Waldo G. Leland delivered his second presidential address at the fifth annual meeting of the Society of American Archivists (SAA) in Hartford, Connecticut, on October 6, 1941.  This address was published in the American Archivist in January 1942.  He indicated that some follow-up actions had been prompted by his previous address, including committees and reports that looked at emergency activities and archival preservation.  He then expanded on the topic by focusing on how historians and archivists were used during World War One.  Keep in mind — at the time he delivered this address, the United States was still a little more than two months away from declaring its entrance into World War Two.

Leland made two significant points early in this address.  First of all, he argued that “until the first World War, the function of the archivist and historian was to record and interpret after the event” (2).  He also acknowledged that at the time of WWI, most archivists were historians by training.  He went on to elaborate on how the role of archivist/historian changed, and just as with his predecessor Newsome, Leland couldn’t know that training as an historian would fall out of favor in the archival community later in the 20th century.

Leland described the establishment of the National Board for Historical Service in 1917.  It had three basic purposes:

  1. coordinate historical activities
  2. supply “trustworthy information” (4)
  3. organize committees

He went on to elaborate on the work of this Board:

  1. The first category he listed was research, which included providing background for news stories, making the public aware of the “long perspective” (5), and trying to anticipate the problems of world reconstruction after WWI.  The Board produced numerous bibliographies and compilations.  These sorts of activities come the closest to explaining his earlier implication that the role of historians was shifting away from merely interpreting events after they occurred.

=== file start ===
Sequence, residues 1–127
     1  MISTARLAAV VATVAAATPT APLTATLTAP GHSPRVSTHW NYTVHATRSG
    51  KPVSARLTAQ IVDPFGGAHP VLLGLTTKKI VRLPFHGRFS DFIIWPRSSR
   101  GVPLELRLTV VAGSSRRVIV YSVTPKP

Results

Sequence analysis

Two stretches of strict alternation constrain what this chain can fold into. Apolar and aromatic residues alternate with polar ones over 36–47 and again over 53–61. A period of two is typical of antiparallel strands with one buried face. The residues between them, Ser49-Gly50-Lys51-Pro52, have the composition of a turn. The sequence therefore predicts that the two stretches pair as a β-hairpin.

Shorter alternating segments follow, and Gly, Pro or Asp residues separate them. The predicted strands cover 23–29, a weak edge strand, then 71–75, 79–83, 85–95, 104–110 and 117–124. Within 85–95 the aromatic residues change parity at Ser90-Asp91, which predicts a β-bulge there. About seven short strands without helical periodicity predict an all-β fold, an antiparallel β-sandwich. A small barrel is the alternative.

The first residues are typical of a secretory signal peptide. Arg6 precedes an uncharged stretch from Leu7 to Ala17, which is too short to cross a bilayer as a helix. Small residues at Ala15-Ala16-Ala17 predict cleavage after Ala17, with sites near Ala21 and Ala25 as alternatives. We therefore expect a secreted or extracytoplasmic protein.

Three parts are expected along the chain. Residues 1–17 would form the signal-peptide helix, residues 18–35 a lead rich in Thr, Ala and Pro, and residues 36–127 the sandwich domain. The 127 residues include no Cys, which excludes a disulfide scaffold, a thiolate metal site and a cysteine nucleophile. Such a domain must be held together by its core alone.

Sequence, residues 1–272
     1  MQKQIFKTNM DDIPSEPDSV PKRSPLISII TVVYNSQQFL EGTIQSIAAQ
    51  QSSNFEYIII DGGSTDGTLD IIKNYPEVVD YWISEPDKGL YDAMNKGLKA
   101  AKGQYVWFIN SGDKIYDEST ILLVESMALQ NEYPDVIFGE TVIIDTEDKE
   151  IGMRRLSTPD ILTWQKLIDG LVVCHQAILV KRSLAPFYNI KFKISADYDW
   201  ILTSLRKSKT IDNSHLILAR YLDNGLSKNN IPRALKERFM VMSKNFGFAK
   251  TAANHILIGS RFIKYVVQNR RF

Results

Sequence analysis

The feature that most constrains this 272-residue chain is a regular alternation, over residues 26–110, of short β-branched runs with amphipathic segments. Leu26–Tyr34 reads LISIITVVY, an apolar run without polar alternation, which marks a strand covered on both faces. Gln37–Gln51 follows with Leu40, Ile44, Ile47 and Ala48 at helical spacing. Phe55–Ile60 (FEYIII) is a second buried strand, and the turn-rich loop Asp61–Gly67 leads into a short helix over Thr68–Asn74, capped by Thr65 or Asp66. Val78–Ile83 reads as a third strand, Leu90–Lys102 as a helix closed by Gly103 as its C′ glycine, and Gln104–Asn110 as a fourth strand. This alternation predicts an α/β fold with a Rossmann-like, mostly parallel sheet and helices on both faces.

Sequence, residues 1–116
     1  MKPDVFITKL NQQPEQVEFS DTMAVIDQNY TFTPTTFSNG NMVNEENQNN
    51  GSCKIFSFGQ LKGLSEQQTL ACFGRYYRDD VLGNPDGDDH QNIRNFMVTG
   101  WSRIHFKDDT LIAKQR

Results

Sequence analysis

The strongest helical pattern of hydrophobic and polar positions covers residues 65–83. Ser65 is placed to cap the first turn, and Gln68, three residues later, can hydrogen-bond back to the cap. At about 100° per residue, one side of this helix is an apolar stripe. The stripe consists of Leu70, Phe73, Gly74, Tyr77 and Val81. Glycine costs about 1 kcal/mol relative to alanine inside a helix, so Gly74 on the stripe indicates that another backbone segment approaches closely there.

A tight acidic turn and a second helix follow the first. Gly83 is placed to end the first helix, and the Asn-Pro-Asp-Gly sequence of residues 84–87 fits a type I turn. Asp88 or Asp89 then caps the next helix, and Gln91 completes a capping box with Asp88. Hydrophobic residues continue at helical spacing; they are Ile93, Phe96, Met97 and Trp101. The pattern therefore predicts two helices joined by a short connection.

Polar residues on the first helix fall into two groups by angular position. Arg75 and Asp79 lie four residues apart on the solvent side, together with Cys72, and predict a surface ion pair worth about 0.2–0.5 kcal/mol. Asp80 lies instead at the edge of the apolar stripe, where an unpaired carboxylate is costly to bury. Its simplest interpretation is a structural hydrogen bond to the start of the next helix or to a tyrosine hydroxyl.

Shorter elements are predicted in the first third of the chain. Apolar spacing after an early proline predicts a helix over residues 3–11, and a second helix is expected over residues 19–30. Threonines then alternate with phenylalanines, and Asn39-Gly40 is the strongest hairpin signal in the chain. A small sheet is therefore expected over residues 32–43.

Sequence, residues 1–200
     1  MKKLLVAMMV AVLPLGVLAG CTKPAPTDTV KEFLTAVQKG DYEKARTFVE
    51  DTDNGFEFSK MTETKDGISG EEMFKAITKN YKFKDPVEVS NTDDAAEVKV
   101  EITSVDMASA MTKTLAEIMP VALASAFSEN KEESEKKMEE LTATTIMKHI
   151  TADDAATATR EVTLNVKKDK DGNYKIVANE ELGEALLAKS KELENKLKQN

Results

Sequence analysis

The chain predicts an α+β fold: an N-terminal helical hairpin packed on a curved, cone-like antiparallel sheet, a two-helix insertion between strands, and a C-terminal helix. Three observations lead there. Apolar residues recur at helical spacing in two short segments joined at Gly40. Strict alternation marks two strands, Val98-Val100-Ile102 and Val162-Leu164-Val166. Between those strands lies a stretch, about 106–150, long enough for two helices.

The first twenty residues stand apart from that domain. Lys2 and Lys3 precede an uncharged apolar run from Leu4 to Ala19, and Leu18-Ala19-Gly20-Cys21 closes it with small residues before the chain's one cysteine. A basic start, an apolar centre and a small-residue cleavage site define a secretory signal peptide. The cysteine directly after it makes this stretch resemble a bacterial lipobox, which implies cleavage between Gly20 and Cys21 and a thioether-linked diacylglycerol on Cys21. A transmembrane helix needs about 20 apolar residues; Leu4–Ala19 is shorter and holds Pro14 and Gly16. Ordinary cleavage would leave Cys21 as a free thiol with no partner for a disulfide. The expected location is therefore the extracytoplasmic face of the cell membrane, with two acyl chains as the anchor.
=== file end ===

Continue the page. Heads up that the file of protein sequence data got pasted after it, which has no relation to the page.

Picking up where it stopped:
2. Secondly, the Board was involved in publication, mostly in encouraging historians to inform public opinion through news outlets.
  3. The Board organized lecture programs.
  4. The Board focused on education by producing circular letters and pamphlets of suggested readings for use in schools.
  5. The Board’s members gave service through the government, working for the Committee on Public Information (CPI), the Department of State, and the Enemy-Press Intelligence Service, to name a few.  In describing the pamphlets written for the CPI, Leland said “the authors of the booklets were instructed to produce nothing that they would be ashamed of twenty years later” (13).  If only we could all act with such a notion in mind!
  6. The Board stimulated the collection of war records.  A letter from the National Board for Historical Service to organizations such as state historical commissions, historical societies, and libraries encouraged them to engage in “‘the systematic and inclusive collection and preservation of all kinds of materials serving to record and illustrate present events'” (10).

Leland concluded his address with a summary of how these WWI experiences affected the archival profession.  He argued that as a result, conditions improved in many ways, including the formation of the National Archives, improved statistical operations (largely due to the invention of the Hollerith machine in 1888 that enabled faster tabulations), microphotography, rapid cataloguing, and better scholarship.

In the first of many inspirational thoughts in SAA presidential addresses about the importance of archival work, Leland concluded with this sentence:

“The conviction that our work is necessary — that it is indispensable to the education of public opinion — that it must influence momentous decisions that are endlessly to be made — and that through it we have a real, even a great, part in the shaping of destiny — this conviction is at once our inspiration and our support” (17).

 

Tune in next week to read about Robert D.W. Connor’s address entitled “Adventures of an Amateur Archivist.”

Advertisements